The Gigi character that Albatron has put on the box of the FX5600P Turbo looks very similar to the animated fairy Dawn that nVidia used in its 'New Dawn' promotion for the GeForce FX5800. While we wouldn't dream of suggesting that packaging should affect your buying decision, the Albatron really stands out on the shelf and the card itself is also quite eye-catching. It has a blue PCB with gold coloured heatsinks on the FX5600 GPU and memory chips. If it was a bathroom suite we'd probably describe it as 'champagne'. The base and fins of the heatsink on the chip appear to be copper, which should help heat dissipation.
Despite the Turbo suffix, the FX5600P uses the GeForce FX5600 chip, rather than the FX5600 Ultra, and to confuse matters even more this card has the additional Molex power connector that is required for an FX5600 Ultra, but not for a basic FX5600. The FX5600 runs its memory 100MHz slower than the Ultra, so it was little surprise that the Albatron performed within ten percent of the Abit in all our tests.
Albatron included the NvTweak overclocking utility, which is actually a registry update that enables part of the Detonator drivers that is usually hidden from the user.
Once you run NvTweak you'll find a 'Clock Frequencies' tab in the drivers, but it's quite a crude tool. It allows a maximum core speed of 600 MHz and you can crank the memory all the way up to 1.44GHz. Both of those settings are way beyond the scope of the Albatron, and we found it quite frustrating trying to find the limits of the card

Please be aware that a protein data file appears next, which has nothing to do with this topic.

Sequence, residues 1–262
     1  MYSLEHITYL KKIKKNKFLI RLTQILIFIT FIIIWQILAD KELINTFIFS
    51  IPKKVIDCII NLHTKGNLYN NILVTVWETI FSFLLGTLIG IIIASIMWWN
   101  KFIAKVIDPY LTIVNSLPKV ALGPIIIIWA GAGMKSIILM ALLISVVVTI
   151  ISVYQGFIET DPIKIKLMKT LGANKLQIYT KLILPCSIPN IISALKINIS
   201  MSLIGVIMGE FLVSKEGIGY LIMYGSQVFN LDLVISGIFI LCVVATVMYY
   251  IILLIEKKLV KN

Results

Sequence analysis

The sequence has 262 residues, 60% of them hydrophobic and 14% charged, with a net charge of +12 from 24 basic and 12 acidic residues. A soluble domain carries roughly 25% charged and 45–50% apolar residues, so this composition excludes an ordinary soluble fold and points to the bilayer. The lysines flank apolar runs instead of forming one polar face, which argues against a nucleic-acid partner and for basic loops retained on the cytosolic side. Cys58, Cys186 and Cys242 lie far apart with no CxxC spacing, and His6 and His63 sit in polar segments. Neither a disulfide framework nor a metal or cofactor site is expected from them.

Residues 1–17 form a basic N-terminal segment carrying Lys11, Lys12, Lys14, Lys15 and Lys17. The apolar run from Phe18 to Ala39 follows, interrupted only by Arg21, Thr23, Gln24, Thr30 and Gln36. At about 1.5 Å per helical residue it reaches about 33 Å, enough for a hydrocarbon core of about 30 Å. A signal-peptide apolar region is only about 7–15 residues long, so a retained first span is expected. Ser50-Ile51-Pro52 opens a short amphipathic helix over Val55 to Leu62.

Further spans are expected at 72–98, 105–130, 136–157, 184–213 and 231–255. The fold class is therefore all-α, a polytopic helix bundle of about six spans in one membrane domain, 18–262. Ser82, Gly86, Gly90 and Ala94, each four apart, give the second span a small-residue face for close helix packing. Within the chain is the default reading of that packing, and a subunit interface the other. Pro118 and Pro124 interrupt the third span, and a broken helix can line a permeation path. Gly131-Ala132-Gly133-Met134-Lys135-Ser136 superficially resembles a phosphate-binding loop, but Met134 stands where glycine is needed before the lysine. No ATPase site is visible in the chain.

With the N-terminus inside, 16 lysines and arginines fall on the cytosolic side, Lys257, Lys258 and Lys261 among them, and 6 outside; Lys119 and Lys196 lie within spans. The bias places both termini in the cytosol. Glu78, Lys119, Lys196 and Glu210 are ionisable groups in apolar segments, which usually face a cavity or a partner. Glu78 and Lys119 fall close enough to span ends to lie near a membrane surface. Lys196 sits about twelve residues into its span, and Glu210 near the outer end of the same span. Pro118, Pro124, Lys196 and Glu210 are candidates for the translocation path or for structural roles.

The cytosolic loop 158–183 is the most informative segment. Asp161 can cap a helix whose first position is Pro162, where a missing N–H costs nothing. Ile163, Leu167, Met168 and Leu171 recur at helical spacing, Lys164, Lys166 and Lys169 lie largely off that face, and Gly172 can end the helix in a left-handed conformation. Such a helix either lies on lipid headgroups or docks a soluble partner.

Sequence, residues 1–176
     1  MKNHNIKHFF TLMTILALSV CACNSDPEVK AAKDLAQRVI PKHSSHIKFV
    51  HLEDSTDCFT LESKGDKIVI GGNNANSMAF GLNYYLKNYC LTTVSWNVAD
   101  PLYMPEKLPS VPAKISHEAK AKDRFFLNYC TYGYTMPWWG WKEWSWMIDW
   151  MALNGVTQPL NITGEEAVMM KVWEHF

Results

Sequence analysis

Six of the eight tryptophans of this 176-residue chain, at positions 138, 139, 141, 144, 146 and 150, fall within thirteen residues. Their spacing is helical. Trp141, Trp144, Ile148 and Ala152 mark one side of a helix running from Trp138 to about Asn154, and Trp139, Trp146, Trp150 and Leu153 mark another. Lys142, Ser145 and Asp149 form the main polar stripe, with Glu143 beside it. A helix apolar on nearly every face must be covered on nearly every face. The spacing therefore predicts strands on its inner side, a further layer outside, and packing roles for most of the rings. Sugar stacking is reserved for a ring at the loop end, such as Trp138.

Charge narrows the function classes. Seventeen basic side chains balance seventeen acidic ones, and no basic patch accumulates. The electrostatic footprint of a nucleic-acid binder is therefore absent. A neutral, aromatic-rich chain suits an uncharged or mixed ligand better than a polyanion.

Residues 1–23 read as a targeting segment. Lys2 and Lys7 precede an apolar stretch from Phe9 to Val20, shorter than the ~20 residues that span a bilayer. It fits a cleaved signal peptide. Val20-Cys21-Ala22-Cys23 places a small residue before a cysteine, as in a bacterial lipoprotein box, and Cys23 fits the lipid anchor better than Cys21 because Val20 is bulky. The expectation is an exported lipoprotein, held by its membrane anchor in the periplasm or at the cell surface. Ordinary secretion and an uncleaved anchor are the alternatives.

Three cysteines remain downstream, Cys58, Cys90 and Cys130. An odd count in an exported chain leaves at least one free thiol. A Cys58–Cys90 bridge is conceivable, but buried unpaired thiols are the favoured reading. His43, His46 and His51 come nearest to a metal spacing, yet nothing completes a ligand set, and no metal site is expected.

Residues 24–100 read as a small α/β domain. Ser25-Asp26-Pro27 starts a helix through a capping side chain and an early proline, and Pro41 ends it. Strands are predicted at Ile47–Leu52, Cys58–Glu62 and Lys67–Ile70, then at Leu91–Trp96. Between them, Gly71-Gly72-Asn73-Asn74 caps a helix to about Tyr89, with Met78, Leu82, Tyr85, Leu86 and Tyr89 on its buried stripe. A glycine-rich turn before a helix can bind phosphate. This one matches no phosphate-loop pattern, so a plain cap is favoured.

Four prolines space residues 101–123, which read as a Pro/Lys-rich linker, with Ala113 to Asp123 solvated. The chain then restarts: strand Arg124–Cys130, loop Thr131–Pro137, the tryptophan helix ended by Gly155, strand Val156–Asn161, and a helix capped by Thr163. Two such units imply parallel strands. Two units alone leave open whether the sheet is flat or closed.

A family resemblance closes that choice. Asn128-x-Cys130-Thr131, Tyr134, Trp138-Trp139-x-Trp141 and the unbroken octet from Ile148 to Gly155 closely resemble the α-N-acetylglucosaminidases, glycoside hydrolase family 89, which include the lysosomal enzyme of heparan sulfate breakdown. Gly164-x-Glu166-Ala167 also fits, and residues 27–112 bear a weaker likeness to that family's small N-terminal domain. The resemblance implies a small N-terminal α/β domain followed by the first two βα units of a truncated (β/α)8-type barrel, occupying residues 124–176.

When you change the settings you hit the 'test' button, but if a setting fails the drivers simply revert to standard settings, even though you may have tried a number of settings successfully before the failure. We suggest that you take notes as you work your way up.
We increased speeds to 350MHz/750MHz and scored 2,904 marks in 3DMark03 without the additional power connector, to give an increase of 13 percent.
Then we connected up the extra power block and raised the speeds again, this time to 360MHz/780MHz, which gave a 3DMark score of 2,981 (an increase of 16 percent over standard). That's nearly identical to the over-clocked Abit FX5600 Ultra at 375MHz/850MHz which scored 3,009 marks.
We did however hit a major snag with the Albatron as we can't find the FX5600P on sale in the UK. To make matters worse the factory can't even supply us with a UK price, but we estimate it will sell at Â£120-Â£140.
The contents of the package are quite basic, with an S-Video extension cable, a coaxial extension and a short S-Video to coaxial adapter but no DVI to VGA adapter.
You also get four CDs of software, but on closer inspection these are a little disappointing. Intervideo WinDVD and Intervideo WinDVD Creator are OK, but Motocross Mania is quite old and tired while Serious Sam is a DirectX 7 game.
The FX5600P turbo is a decent graphics card but we have to reserve judgement until we can find it on sale in the UK
The Albatron matches FX5600 Ultra performance and sports attractive packaging and styling. Unfortunately the lack of UK distribution makes it a bit of a white elephant despite itâ€™s good points.